I had food-related issues since primary school, when a healthy appetite as a young child turned into an unhealthy relationship with food and negative body image. As I struggled to connect with my peers at secondary school, I turned to food for comfort, which meant I was overweight and had dangerously low self-esteem. As I got older and more self-aware, I began trying to control my eating. I tried out many diets, which, as an adolescent shaping their identity, is a dangerous road. By the time I was 16 I was starving myself and became fearful of certain foods due to over-exposing myself to multiple fad diet. This manifested into a battle with anorexia. It was awful – eating disorders steal your joy, overwhelm every thought and breathe a constant train of lies into your mind. I was miserable. I became so accustomed to lying to concerned family about what I had eaten, that it became second nature to me to list off a daily amount of food that had not been consumed.
After a few years of battling, I was very low in weight and was backpacking in South-east Asia as a vulnerable 18-year-old with little accountability. My mum came to visit me in Thailand and for some reason I became so tired of not eating that a switch went off and I started binge eating. It felt like every meal I had ever skipped came back at me with a vengeance. I couldn’t stop myself from eating. It was like a hungry monster was living inside of me and couldn’t be satisfied. The feelings of shame and guilt were all-consuming and I ended up travelling home with my mum to try and get into a better state of mind.
The following years were a slow and steady battle with eating too much and then trying to compensate by dieting or not eating. I was probably through the worst of an eating disorder but my eating patterns were highly disordered and my thoughts about food and myself were completely messed up. At this point, no one would have known by looking at me, but I was still really struggling and felt completely hopeless.
Breakthrough and a sense of purpose
At the age of about 22 I became so tired of the yoyo dieting and the constant battle that I opened up to my sister. She prayed for me and shared Matthew 6 with me, about not worrying about what we eat or drink. I decided on that day to quit the dieting industry, for it had confused me and caught me up in a web of false truths and ideologies. I decided to start the liberating journey of eating whatever I wanted. However, I learned to listen to my body and began to understand that we have been given incredible bodies that are able to tell us when we are hungry and when we should stop eating.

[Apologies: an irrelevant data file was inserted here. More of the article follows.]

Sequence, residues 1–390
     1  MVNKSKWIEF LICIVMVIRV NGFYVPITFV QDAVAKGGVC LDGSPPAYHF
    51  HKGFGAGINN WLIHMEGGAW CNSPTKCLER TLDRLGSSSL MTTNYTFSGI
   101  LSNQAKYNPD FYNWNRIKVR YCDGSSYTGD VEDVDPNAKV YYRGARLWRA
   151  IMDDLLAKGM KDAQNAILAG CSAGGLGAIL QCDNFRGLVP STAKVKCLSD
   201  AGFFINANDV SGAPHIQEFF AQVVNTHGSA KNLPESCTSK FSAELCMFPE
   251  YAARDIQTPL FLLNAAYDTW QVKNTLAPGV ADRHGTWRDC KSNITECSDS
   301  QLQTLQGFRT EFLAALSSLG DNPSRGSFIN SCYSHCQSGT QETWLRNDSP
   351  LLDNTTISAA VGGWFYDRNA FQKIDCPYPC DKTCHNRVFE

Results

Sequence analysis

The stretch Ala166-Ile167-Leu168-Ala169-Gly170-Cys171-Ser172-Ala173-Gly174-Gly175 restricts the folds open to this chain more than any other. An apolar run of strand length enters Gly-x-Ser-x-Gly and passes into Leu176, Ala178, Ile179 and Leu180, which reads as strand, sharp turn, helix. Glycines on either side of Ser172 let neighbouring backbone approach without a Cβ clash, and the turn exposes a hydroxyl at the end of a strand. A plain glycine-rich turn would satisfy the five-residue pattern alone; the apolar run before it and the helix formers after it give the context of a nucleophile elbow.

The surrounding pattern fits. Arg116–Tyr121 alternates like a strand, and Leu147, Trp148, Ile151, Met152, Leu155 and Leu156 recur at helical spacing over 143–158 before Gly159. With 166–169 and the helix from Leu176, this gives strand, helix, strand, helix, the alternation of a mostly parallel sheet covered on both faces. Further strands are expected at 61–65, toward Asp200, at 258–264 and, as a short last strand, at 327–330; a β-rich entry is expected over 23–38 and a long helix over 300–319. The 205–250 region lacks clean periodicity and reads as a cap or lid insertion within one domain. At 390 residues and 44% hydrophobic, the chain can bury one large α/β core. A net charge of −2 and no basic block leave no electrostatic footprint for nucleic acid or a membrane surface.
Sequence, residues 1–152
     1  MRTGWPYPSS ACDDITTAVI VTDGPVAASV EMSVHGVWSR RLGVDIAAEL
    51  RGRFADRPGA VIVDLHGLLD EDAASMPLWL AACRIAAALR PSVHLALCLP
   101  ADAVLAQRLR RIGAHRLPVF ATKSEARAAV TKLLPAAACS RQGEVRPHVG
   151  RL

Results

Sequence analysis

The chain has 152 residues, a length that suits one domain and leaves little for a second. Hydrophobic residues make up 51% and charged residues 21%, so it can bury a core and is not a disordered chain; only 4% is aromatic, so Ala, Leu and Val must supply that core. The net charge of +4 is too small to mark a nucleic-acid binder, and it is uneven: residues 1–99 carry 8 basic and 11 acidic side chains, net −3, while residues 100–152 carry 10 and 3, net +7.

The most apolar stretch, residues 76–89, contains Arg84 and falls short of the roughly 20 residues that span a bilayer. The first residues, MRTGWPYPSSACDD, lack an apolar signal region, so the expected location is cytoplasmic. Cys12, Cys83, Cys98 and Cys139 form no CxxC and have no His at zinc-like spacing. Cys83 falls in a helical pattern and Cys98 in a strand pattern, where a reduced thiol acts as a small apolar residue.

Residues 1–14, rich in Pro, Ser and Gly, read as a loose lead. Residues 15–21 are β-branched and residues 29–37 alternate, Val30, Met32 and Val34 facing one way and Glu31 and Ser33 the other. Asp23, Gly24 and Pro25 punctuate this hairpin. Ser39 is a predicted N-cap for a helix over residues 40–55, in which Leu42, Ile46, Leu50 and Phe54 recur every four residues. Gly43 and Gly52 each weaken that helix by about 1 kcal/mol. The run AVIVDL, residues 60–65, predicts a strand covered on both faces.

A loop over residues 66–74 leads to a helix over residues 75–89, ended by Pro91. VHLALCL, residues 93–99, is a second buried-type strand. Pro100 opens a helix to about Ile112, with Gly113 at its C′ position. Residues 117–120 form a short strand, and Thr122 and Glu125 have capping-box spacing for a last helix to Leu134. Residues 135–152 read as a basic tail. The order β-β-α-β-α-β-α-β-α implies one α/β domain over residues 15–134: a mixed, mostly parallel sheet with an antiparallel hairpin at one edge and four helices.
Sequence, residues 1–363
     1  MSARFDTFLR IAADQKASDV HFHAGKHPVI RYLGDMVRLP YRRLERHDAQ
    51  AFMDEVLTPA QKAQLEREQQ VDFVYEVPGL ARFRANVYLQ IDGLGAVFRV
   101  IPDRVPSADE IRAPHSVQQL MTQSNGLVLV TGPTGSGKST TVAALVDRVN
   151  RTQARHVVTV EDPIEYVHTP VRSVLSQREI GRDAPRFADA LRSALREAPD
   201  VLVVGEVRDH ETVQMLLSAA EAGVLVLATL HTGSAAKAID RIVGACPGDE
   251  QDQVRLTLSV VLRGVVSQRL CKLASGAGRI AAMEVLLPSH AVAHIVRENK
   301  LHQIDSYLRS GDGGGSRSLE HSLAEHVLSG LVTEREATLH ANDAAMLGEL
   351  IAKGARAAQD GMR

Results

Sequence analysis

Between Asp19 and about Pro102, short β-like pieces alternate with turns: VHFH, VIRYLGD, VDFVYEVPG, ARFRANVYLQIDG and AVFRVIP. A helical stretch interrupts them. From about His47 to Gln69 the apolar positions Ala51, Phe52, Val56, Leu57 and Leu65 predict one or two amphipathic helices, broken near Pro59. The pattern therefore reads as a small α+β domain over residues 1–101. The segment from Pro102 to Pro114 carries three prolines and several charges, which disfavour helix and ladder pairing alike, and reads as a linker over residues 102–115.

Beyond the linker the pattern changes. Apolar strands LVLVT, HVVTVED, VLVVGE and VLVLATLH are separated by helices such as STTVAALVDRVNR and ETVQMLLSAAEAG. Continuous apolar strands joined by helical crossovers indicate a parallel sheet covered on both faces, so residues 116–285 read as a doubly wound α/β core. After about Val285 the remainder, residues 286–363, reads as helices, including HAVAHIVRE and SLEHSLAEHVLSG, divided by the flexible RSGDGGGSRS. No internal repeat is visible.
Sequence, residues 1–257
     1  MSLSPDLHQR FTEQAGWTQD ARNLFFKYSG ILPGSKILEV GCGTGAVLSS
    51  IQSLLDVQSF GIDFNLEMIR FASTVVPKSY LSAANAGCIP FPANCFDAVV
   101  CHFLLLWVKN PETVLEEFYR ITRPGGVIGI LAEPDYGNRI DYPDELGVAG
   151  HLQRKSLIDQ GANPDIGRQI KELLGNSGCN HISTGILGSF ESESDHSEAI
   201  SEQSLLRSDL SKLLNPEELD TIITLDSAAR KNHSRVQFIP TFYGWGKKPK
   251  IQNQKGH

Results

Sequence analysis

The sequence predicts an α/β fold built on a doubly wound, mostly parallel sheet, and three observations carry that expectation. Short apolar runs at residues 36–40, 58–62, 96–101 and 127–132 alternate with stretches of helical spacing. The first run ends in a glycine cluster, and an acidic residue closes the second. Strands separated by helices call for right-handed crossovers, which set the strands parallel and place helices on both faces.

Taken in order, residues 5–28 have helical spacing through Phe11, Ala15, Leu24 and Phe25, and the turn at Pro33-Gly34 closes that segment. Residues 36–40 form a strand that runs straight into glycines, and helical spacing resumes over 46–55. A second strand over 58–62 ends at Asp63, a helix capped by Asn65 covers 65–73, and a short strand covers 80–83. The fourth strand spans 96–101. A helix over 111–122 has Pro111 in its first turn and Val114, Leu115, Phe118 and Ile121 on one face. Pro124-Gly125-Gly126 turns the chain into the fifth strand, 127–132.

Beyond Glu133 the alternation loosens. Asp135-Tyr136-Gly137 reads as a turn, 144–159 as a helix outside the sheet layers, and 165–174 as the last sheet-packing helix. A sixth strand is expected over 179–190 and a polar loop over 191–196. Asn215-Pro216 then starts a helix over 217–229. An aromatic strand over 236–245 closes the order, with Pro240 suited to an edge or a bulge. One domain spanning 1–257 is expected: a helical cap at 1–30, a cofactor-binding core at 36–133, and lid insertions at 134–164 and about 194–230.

I was extremely blessed to be able to quickly grasp hold of the truth and apply it to my life. I became free much quicker than many people who struggle. I became so passionate about being free, I felt like it was unfair that I had this true freedom and so many are battling. Last year I started working for an incredible charity called tastelife, who train people to run a nine-week community course that helps anyone with food-related issues, as well as their carers. We equip people to understand the feelings and emotions behind eating, and to know that there is so much hope – and that total freedom is possible! The course really does work and so many people have been changed by it. Here are just a couple of attendee’s comments: “tastelife has been the most valuable eating disorder support service I have attended. Being able to talk to people in similar situations was so helpful” and “I came here after a professional recommendation. I have gone from feeling desperate to feeling positive and optimistic about recovering from my eating disorder.”
Could you get involved?
Unfortunately, due to the mental health pandemic that has correlated with Covid-19, the cases of eating disorders have shot up in the past year. Recent research suggests that one in five women in the UK could be suffering with an eating disorder, while there are only 455 adult in-patient beds available to those with such difficulties in the UK. The NHS is sadly unable to cope with the amount of eating disorder cases.
As it is Mental Health Awareness Week, we are appealing for people to train with us at tastelife and join our wonderful team of leaders who are able to run the course within their church or community. Our next online training event is happening the 18–20 June on Zoom. If this is something you or your church is interested in doing please get in contact as we would love to share some more information. We want to see people break free from eating disorders in the UK, to spread the message of hope in a circumstance that can seem like total darkness.
Abbie Young is communications coordinator for tastelife.